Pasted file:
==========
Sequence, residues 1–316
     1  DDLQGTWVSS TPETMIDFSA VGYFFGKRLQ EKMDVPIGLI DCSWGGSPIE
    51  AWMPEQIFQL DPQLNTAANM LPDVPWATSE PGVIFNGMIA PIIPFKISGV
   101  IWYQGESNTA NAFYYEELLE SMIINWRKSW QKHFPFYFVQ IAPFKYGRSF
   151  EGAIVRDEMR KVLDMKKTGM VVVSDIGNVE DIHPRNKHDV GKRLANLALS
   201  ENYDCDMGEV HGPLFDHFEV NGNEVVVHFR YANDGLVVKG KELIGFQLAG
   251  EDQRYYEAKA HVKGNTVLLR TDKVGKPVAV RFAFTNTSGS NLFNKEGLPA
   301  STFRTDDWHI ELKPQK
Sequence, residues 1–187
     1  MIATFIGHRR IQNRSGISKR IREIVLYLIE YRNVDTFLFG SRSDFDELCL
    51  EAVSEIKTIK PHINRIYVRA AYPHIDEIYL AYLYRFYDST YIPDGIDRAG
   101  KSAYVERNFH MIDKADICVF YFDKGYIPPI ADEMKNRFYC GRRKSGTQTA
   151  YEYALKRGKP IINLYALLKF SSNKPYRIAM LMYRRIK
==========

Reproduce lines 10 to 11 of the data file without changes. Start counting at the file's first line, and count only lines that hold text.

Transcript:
     1  MIATFIGHRR IQNRSGISKR IREIVLYLIE YRNVDTFLFG SRSDFDELCL
    51  EAVSEIKTIK PHINRIYVRA AYPHIDEIYL AYLYRFYDST YIPDGIDRAG